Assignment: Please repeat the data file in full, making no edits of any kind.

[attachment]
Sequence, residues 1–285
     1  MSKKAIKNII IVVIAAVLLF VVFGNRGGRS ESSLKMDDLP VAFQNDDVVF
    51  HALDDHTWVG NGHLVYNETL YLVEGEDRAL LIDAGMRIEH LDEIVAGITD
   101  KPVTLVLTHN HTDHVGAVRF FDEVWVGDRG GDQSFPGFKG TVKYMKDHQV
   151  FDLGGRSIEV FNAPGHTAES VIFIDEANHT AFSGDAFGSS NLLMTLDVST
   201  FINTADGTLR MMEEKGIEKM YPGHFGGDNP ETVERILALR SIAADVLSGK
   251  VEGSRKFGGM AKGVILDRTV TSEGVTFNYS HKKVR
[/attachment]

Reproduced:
Sequence, residues 1–285
     1  MSKKAIKNII IVVIAAVLLF VVFGNRGGRS ESSLKMDDLP VAFQNDDVVF
    51  HALDDHTWVG NGHLVYNETL YLVEGEDRAL LIDAGMRIEH LDEIVAGITD
   101  KPVTLVLTHN HTDHVGAVRF FDEVWVGDRG GDQSFPGFKG TVKYMKDHQV
   151  FDLGGRSIEV FNAPGHTAES VIFIDEANHT AFSGDAFGSS NLLMTLDVST
   201  FINTADGTLR MMEEKGIEKM YPGHFGGDNP ETVERILALR SIAADVLSGK
   251  VEGSRKFGGM AKGVILDRTV TSEGVTFNYS HKKVR